Non-territorial organizations are entities that possess supremacy and authority concerning rule making. In this regard, non-territorial organizations have a legitimate source of authority that allows them to make rules within their domain of operation and enforce those rules. In addition, these organizations have the capacity to delegate power to other players allowing them to enforce the rules defined by a non-territorial organization. Furthermore, non-territorial organizations do not belong to any particular institution of a state. The supremacy and authority of non-territorial organizations gives them significant influence in various international affairs within the social, economic and political scope. Since they make and enforce their own laws, non-territorial organizations have no allegiance to a particular country. Although these organizations operate within national laws of countries of concern, they regulate their own functions (Spruyt, 1994). Non-territorial organizations operate in multiple countries with their activities driven by the organizations’ own goals and objectives rather than promoting the benefits of a particular country. In this regard, rather than having a centralized base of operations with only sub-branches in the countries of interest, non-territorial organizations set up independent head offices in diverse regions of the world with each head office responsible for executing duties that conform to organizational goals and objectives. Territorial restrictions that define boundaries and limit powers of entities have minimal impacts on the operations of non-territorial organizations. Thus, while a municipality functions within a particular jurisdictional area, the jurisdiction of a non-territorial organization is unbound.
Territorially alienated entities, irrespective of their public authority, only influence individuals or entities within their jurisdictional area. Outside their jurisdictional areas, territorially alienated entities lose their public authority because other entities are responsible for enforcing authority in these areas. On the other hand, non-territorially alienated entities exercise independent authority on persons and other entities across different boundaries. The authority of a non-territorial organization does not consider that individuals and entities on which it acts reside in jurisdictions that territorially alienated entities have restricted authority (Bendix, 1973).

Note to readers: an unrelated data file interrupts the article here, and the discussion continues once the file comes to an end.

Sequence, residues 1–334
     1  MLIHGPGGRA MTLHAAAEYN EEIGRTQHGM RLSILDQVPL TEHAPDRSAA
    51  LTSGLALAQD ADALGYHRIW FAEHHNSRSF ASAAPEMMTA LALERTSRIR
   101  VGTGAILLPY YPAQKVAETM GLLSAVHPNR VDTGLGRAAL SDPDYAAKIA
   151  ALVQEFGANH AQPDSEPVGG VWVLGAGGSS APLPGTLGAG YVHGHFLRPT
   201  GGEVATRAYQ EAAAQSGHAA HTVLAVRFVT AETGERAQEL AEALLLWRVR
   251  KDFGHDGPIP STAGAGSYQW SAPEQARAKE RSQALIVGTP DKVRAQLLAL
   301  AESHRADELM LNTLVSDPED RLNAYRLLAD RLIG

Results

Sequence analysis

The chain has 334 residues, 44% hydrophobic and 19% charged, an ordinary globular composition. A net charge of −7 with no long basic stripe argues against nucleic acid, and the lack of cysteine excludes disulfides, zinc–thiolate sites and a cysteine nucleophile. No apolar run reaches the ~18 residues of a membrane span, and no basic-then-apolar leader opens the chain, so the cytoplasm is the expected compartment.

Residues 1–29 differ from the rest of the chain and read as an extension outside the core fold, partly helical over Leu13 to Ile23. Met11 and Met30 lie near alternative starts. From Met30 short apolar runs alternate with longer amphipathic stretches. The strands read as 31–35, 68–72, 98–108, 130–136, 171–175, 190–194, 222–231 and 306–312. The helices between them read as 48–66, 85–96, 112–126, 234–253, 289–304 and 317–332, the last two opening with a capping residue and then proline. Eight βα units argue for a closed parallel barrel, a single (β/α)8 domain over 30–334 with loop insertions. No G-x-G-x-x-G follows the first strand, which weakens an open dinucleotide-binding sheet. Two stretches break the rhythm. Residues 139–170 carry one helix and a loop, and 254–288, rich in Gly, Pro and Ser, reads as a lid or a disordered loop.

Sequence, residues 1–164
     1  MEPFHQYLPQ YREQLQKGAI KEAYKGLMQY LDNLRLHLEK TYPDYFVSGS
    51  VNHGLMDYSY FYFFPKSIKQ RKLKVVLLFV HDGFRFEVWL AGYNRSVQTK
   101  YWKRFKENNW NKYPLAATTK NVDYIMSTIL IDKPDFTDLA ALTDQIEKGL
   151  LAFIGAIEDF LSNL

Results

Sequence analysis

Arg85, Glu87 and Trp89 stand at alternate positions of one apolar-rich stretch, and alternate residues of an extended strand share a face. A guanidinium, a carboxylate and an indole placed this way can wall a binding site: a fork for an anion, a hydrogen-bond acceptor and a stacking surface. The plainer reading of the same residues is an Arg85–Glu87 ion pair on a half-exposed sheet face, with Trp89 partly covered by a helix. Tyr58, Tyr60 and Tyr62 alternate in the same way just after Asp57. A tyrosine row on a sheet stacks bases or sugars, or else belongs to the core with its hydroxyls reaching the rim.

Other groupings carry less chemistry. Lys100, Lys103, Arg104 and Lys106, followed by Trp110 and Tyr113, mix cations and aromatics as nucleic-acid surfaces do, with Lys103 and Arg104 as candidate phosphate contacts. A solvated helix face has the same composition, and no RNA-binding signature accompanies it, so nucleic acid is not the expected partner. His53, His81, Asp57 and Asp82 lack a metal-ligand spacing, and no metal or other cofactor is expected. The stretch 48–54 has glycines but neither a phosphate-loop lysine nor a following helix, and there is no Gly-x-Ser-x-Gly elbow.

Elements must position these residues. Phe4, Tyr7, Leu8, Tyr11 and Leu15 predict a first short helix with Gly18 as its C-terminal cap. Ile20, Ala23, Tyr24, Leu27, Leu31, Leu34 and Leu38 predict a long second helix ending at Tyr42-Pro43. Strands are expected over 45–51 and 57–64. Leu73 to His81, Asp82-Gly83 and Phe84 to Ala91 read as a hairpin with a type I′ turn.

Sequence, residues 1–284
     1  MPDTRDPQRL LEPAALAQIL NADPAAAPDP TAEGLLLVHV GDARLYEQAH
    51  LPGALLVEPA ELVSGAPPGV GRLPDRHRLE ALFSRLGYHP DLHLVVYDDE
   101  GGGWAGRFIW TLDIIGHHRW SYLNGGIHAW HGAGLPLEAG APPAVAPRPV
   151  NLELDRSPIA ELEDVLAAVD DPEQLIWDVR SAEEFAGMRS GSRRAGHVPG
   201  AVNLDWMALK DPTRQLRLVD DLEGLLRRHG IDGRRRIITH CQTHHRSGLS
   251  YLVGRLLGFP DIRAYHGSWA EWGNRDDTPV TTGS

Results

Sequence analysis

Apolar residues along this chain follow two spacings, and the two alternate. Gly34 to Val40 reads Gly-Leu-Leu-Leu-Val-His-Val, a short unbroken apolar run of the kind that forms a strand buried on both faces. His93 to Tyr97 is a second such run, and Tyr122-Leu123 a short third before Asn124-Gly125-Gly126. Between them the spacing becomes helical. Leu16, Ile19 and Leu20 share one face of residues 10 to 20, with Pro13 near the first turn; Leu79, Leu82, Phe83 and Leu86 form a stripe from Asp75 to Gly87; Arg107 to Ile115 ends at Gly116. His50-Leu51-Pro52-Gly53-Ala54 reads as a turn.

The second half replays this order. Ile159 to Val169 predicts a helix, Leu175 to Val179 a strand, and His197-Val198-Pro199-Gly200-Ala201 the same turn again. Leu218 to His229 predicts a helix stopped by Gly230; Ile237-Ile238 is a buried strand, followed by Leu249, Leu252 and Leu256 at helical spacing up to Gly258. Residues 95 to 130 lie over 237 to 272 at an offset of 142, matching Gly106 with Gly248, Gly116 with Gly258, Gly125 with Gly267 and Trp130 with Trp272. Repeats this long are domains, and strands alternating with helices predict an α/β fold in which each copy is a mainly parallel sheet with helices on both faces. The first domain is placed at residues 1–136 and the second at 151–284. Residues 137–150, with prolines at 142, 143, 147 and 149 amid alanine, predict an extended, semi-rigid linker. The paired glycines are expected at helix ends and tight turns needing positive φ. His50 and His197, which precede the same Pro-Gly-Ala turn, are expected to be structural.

Non-territorial organizations place little emphasis on matters of ethnicity, culture, language and religious characteristics in implementing their goals and objectives, which is an approach that creates equal access to opportunities even for minority groups. The impacts of legislative and regulatory powers differ between non-territorial organizations and territorially alienated entities. While the latter must conform to the legislative provisions of a state and regulatory decisions pertaining to an individual or entity, non-territorial organizations are not subject to legislative enactments. In this regard, laws of the national parliament or sub legislators are not applicable to the public authority of non-territorial organizations. These institutions enjoy significant levels of freedom since the constitution and various decrees of the government have minimal curtailing effects on their operations. Thus, non-territorial organizations can operate without concerns on legislative enactments relating to budgetary powers and tax. Although non-territorial organizations are subject to particular regulator powers, these regulations are not fully legislative, but by-laws that adhere to the legislative provisions defined by the national parliament. Thus, unlike territorially alienated entities, which must adhere to full legislations and administrative decisions that define their jurisdiction, non-territorial organizations work within laws formulated in response to individual cases rather than matters of state.
Analysis of the characteristics of non-territorial organizations illustrates that they are entities that operate within a particular scope of laws and regulations. Both the laws defined by non-territorial organizations and states within which they operate provide a favorable environment and framework that gives the organizations significant autonomy in executing their goals and objectives with minimal interference by legislative enactments and administrative decisions of particular states. Thus, all non-territorial organizations have supreme power and authority that allows them to operate across diverse boundaries.